Ex art. 26, foundations may obtain income from their activities provided that this does not imply an unjustified limitation of the scope of their potential beneficiaries, but we have to specify that at last 70 per cent of the results of the economic operations carried out and of any other income obtained, must be destined to the realization of the foundational purposes, and in the end the expenditure incurred in obtaining such revenue may, where appropriate, comprise the proportionate share of expenditure on external services, staff expenditure, other management expenditure, financial expenditure and taxes, in so far as they contribute to income generation.

as well as for associations, foundations may be formed by natural and legal persons, whether public or private. The capacity to act is however required for the natural persons and for the juridical persons instead an express agreement of the body competent to dispose of the assets, and the end, the Legal-public persons shall have the capacity to establish foundations, unless their regulatory rules provide otherwise.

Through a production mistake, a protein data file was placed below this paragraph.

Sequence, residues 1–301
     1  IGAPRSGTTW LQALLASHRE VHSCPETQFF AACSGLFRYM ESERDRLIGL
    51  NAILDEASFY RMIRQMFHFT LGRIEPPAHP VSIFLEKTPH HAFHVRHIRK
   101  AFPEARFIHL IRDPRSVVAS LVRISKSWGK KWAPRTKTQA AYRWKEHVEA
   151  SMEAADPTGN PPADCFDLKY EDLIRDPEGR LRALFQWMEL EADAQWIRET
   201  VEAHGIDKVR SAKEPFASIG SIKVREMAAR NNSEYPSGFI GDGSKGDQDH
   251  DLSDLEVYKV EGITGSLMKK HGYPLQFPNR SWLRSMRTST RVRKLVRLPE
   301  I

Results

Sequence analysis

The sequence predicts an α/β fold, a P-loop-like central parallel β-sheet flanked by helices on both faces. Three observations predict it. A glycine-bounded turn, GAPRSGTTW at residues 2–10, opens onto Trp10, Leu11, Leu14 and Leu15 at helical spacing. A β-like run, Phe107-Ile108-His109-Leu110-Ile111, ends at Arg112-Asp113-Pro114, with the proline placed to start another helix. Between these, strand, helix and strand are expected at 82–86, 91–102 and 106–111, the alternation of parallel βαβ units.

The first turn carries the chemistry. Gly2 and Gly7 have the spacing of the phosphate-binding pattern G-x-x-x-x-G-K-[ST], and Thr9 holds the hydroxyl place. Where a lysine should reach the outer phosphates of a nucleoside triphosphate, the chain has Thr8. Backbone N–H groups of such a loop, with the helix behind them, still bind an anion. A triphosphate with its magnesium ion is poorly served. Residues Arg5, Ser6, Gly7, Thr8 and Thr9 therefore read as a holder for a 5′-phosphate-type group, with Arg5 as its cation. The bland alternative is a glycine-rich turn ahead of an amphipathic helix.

The special feature of the foundation is that it can be constituted both by acto inter vivos che mortis causas; in the first case it must result from an authentic act while in the second it is generally the subject of a testamentary clause. In the latter case, if the tester has only limited himself to expressing his own will to create a foundation, the public deed containing the other requirements required by this Law shall be granted by the testamentary executor and, failing that, by the testamentary heirs but in the event that they do not exist or fail to comply with this obligation, the deed shall be issued by the Protectorate with the prior judicial authorization.